• The ANS is controlled by the higher brain structures, especially the hypothalamus
slide7

The green arrows show the hypothalamic-ANS-Adrenal medulla pathway

Stressor

Higher Brain Centres

(cortex & limbic systems)

Activates

The ANS sympathetic

subdivision

Via the brainstem

Hypothalamus

CRH Hormone

Brainstem

Pituitary gland

Metabolic

effects on the body

ACTH in

bloodstream

Neural control

via autonomic

nervous system

Corticosteroids

In bloodstream

Adrenal cortex

Adrenal medulla

Adrenaline and

Noradrenaline in

Bloodstream (increases heart

Rate & blood pressure)

activating the body s stress response
Activating the body’s stress response
  • Selye identified the HPAC & hypothalamic-ANS-adrenal medulla pathways as the main components of the body’s response to stressors
  • He then thought about why they become activated
  • Both systems prepare the body for energy expenditure – normally hypothalamus and ANS does this without of conscious involvement – making sure the body is functioning properly
  • but we also need higher brain centres when things happen in the world which we have to respond to quickly.
  • Cannon (1914) called this the -

‘FIGHT OR FLIGHT RESPONSE’

fight or flight response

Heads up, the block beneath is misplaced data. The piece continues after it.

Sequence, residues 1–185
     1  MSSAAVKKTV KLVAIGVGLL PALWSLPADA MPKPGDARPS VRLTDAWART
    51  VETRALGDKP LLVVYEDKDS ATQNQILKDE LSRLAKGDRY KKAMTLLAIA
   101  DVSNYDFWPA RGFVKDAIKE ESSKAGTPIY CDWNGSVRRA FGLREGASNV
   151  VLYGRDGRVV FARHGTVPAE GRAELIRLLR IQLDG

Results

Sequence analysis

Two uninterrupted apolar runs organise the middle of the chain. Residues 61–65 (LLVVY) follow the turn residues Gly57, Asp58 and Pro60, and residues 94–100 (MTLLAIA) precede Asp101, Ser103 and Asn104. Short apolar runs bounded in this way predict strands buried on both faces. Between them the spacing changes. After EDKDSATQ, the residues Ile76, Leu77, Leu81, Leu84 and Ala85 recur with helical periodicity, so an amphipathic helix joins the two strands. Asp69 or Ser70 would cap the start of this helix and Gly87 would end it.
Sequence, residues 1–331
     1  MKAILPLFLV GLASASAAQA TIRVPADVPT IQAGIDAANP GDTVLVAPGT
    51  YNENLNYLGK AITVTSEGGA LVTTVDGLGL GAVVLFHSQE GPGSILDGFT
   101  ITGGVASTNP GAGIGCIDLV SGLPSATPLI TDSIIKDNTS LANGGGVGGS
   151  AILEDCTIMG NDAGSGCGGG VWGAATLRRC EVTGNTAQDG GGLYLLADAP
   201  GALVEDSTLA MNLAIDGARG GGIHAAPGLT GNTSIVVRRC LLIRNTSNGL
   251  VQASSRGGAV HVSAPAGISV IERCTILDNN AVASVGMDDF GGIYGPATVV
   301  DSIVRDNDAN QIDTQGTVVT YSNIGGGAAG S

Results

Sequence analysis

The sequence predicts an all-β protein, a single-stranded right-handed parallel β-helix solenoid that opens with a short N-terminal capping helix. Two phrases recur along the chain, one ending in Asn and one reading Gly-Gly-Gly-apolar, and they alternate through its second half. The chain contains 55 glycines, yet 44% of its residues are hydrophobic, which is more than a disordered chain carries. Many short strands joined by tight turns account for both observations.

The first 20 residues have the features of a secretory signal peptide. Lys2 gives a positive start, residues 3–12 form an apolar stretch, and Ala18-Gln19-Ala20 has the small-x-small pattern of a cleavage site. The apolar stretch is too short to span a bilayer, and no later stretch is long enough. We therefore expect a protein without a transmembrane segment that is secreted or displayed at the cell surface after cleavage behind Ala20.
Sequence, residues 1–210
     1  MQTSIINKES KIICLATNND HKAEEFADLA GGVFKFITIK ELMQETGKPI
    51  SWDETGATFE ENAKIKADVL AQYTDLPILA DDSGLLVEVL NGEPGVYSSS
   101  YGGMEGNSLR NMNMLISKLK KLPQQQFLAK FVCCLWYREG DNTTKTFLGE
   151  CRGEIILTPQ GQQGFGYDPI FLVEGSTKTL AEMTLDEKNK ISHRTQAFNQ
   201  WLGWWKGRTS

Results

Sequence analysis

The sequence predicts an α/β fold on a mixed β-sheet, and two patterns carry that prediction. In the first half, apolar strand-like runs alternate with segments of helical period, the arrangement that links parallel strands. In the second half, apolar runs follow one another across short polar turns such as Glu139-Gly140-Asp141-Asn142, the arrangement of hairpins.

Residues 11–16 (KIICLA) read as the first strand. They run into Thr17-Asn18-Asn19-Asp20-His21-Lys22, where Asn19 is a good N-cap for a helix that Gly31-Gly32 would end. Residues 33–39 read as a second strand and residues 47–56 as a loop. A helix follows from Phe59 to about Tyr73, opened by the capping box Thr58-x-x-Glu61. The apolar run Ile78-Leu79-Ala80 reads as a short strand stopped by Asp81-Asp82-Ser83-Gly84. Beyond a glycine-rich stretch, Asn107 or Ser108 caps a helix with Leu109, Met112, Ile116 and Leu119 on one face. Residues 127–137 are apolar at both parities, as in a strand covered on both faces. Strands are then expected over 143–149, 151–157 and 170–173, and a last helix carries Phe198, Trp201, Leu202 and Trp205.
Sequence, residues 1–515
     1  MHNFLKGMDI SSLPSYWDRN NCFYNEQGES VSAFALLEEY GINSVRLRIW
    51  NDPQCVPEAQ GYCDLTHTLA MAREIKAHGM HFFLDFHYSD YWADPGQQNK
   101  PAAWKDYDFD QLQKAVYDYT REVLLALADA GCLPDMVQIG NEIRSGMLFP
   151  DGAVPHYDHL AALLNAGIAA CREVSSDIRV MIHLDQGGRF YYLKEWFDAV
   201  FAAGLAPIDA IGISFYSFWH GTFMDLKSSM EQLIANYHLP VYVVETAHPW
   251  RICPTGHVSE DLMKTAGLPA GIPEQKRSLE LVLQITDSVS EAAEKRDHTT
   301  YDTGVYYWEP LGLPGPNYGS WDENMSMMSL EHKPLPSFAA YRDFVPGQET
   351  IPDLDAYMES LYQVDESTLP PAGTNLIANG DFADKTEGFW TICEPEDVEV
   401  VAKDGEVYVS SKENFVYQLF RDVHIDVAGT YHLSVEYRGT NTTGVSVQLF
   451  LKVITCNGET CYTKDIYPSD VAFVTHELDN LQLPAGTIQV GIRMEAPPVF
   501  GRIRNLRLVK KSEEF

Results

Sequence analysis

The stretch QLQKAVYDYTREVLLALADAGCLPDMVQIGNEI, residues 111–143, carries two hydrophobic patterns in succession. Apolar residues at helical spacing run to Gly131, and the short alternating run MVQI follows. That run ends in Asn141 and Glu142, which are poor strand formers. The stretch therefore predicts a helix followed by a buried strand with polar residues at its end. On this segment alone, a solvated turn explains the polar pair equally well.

Ready to expend energy,

either by fighting or by running away

Fight or Flight Response

Increase

oxygen intake

Release stored

glucose

Divert resources

away from

digestion

fight or flight and your body
Fight or Flight and your Body

Activity: fill out this sheet with the effect of stress on these parts of the body

slide12

The thin arrows show the

hypothalamic-ANS-Adrenal

medulla pathway

(colour in green)

The thick arrows show the

hypothalamic-pituitary

adrenal cortex (HPAC)

Pathway (colour in red)

Stressor

Higher Brain Centres

(cortex & limbic systems)

Activates

The ANS sympathetic

subdivision

Via the brainstem

Hypothalamus

CRH Hormone

Metabolic

effects on the body

(higher heart rate & blood

pressure to

get oxygen to muscles)

Brainstem

Pituitary gland

ACTH in

bloodstream

Neural control

via autonomic

nervous system

Corticosteroids

In bloodstream

Adrenal cortex

Adrenal medulla

Adrenaline and

Noradrenaline in

Bloodstream (increases heart

Rate & blood pressure)

Activity: make your own diagram

the three phases of the general adaptation syndrome gas selye 1956
The three phases of the General Adaptation Syndrome (GAS) (Selye, 1956)

Phase 1: Alarm

Stress response systems activated

Phase 2: Resistance

Body copes with stress

Phase 3: Exhaustion

Stress related illness may develop

the general adaptation syndrome gas selye 1956
The General Adaptation Syndrome (GAS) (Selye, 1956)
  • The GAS has three phases
  • 1st phase – The alarmphase, the presence of a stressful event is registered – could be a threat from an outside or physical stressor – such as an injury or illness affecting the body - the hypothalamic-pituitary adrenal cortex (HPAC) pathway andhypothalamic-ANS-Adrenal medulla pathway prepare the body for energy expenditure (fight or flight) – nowadays many of the stressors are psychological
the general adaptation syndrome gas selye 195615
The General Adaptation Syndrome (GAS) (Selye, 1956)

2nd phase is resistance– the body’s stress response is fully activated and coping with the stressor, so from the outside things appear to be back under control